Journal of Orthopaedics and Traumatology

Official Journal of the Italian Society of Orthopaedics and Traumatology

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Open Access

Is LOE test useful to recognize LCA insufficiency?

Journal of Orthopaedics and TraumatologyOfficial Journal of the Italian Society of Orthopaedics and Traumatology201415:285

https://doi.org/10.1007/s10195-013-0285-4

Received: 28 October 2013

Accepted: 27 December 2013

Published: 31 January 2014

Dear Sir,

“I read the article “The loss of extension test (LOE test): a new clinical sign for the anterior cruciate ligament insufficient knee” by Salvi et al. [1]”, and I think all that is practiced and described could be scarcely suitable for the diagnosis of ACL tear.

I completely agree with the AA on the validity of the knee joint extension maneuver (recurvatum test) as an initial clinical approach in order to test the ACL, but I retain totally arbitrary the conclusion that an ACL lesion or insufficiency may be inferred from a lack of passive knee extension, that we can notice in other articular pathologies, such as meniscal tears, loose bodies, etc, that may induce a mechanical or reflex limitation of extension.

But it is quite true and verified by my personal and other authors’ experience that the mentioned maneuver, the extension test, in the presence of an ACL lesion, reveals a unilateral recurvatum [26], not specific to that lesion, that must be validated by the Lachman test and by functional testing.

Should it be disputed that the recurvatum could be attributed to a concomitant postero-lateral rotator instability that is also examined with the external-rotation (E. R.) recurvatum test of Hughston, it may be demonstrated by lifting the extremity by the great toe, thus causing excess external rotation and recurvatum which appears as increased tibia vara.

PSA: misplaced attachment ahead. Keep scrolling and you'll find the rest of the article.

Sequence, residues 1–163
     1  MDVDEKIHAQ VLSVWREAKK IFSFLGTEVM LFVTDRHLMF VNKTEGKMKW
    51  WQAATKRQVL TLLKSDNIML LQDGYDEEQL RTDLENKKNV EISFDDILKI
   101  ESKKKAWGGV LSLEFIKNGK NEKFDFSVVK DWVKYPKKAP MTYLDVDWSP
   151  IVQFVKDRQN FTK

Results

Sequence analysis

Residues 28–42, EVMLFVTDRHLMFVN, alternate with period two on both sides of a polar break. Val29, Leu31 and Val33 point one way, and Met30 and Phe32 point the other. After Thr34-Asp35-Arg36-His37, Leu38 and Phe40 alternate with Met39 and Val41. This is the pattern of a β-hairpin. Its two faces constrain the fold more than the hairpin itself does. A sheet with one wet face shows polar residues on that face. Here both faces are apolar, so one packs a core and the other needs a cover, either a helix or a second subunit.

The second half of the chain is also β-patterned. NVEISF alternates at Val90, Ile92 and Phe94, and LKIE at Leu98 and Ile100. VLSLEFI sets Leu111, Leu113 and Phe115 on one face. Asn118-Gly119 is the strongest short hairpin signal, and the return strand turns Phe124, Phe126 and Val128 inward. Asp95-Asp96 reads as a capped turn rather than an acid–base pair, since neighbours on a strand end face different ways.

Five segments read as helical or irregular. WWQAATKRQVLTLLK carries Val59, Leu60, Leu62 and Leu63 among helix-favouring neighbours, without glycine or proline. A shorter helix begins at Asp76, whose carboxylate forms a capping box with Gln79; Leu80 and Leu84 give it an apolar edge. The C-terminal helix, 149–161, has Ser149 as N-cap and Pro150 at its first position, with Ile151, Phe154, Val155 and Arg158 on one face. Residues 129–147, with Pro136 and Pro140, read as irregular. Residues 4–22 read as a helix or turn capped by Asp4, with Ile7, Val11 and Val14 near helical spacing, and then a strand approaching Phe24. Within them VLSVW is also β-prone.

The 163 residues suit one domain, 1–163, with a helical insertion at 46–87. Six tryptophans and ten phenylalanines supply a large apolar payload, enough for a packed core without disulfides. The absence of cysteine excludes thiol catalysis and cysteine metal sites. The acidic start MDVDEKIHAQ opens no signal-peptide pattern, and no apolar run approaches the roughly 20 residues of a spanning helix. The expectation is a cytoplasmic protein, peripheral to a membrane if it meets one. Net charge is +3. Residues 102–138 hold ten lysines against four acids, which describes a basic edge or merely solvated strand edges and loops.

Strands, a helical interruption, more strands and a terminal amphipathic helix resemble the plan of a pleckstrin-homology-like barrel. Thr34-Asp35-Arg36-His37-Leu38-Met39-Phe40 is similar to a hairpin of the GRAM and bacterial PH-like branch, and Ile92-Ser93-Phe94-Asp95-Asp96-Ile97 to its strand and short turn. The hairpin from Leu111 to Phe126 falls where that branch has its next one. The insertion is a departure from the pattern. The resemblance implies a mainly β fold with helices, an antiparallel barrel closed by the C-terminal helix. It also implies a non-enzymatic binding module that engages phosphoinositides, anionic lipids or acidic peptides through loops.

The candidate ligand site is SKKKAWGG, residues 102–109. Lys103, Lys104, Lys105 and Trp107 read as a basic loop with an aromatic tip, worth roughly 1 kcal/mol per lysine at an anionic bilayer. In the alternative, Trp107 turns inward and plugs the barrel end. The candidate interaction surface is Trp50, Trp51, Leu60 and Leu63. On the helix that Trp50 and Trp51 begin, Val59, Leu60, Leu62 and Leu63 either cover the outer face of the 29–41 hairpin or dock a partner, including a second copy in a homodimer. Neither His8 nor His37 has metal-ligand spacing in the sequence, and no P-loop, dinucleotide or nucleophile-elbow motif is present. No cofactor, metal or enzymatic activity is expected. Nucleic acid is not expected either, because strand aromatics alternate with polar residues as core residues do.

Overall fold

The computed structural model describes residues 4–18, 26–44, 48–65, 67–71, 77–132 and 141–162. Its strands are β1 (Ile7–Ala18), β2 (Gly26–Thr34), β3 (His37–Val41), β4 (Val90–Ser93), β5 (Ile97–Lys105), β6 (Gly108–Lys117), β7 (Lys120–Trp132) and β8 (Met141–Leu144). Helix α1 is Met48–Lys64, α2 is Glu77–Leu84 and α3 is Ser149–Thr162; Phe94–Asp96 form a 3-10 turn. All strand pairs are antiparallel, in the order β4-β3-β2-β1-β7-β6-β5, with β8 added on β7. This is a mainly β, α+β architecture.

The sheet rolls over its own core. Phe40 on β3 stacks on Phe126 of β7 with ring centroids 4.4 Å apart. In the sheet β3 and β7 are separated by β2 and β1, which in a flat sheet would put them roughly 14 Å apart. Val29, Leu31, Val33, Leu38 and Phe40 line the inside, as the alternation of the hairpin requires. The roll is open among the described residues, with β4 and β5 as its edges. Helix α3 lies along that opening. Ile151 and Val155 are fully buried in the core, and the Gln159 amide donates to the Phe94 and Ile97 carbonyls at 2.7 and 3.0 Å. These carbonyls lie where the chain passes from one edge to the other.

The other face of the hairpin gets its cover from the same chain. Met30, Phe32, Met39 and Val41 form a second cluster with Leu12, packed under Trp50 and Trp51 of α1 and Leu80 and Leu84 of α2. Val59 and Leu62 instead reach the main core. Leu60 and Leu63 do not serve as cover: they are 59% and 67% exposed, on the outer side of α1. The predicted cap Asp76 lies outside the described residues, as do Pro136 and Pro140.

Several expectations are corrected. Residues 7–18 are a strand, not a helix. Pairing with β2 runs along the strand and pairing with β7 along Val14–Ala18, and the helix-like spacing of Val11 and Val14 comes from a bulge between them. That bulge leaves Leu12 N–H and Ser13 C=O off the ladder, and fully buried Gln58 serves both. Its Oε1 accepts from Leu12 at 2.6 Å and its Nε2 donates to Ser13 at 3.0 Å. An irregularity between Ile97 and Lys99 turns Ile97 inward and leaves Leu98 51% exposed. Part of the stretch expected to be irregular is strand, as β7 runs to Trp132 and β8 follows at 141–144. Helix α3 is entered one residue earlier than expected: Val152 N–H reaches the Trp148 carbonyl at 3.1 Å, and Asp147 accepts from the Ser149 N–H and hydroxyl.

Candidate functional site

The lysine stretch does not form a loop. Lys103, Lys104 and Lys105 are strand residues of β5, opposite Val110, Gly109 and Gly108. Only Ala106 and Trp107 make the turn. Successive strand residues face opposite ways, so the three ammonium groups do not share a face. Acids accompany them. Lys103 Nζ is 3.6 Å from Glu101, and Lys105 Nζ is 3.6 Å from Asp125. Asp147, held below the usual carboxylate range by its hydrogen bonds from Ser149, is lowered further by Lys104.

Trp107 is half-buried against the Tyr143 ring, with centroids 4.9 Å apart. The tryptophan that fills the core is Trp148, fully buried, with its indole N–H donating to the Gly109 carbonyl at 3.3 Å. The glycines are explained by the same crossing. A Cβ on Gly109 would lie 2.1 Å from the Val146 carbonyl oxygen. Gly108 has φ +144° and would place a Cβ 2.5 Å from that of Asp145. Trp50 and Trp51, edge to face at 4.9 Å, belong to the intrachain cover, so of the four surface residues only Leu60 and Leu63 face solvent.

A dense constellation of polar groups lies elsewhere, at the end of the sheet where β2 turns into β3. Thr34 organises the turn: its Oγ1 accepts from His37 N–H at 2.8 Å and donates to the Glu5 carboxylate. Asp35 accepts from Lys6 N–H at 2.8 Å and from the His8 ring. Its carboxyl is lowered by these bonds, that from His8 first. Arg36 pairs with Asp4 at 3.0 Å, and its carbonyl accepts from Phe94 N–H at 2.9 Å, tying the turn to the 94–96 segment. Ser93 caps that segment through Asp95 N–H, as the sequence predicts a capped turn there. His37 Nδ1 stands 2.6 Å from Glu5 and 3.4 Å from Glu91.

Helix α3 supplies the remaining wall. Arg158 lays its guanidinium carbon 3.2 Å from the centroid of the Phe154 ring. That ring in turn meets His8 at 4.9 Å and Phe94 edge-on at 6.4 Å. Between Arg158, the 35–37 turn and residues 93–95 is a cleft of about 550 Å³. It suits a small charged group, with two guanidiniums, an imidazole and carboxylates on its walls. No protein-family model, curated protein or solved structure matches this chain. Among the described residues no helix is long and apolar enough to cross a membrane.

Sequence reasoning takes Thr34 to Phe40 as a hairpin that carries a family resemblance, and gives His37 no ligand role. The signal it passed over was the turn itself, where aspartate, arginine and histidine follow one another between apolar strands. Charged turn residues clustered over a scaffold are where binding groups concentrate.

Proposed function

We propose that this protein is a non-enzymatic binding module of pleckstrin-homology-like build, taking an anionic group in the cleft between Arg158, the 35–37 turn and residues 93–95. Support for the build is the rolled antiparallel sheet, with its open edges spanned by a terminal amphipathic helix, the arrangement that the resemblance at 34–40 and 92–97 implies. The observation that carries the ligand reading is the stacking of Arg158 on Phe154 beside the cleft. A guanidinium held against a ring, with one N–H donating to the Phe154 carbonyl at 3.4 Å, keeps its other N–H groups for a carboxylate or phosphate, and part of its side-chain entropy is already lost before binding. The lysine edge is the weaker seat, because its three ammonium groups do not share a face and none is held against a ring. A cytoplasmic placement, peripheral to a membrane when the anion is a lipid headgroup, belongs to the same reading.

This test is quite different from true recurvatum in neutral rotation, which I am referring to.

In view of the sharp contrast of views on the matter between article authors and me, I retain that my observation might be useful to launch a debate among the Journal readers.

Declarations

Conflict of interest

None.

Open AccessThis article is distributed under the terms of the Creative Commons Attribution License which permits any use, distribution, and reproduction in any medium, provided the original author(s) and the source are credited.

Authors’ Affiliations

(1)
Knee Surgery Department, Istituto Clinico Città Studi

References

  1. Salvi M, Caputo F, Piu G et al (2013) The loss of extension test (LOE test): a new clinical sign for the anterior cruciate ligament insufficient knee. J Orthop Traumatol 14(3):185–191Google Scholar
  2. Hughston JC, Andrews JR, Mervin JC, Moschi A (1976) Classification of knee ligament instability. Part 1 The medial compartment and cruciate ligaments. J Bone J Surg 58A(2):159–172 (p.172 conclusions 7)Google Scholar
  3. Furman W, Marshal JL, Girgis FG (1976) The anterior cruciate ligament a functional analysis based on postmortem studies. J Bone J Surg 58A(2):179–185Google Scholar
  4. Al-Dury Z (1992) Relation of the fibular head sign to other signs of anterior cruciate ligament insufficiency. Clin Orthop RR 275:220–225Google Scholar
  5. Meyer EG, Bauwer TG, Haut RC (2011) Pure passive hyperextensions of the human cadaver knee generate simultaneous bicruciate ligament rupture. J Biomech Eng 133(1):01012View ArticleGoogle Scholar
  6. Bousquet G, Le Beguec P, Girardin P (1991) Les laxites chroniques du genou Medsi. McGraw-Hill, ParisGoogle Scholar

Copyright

© The Author(s) 2014

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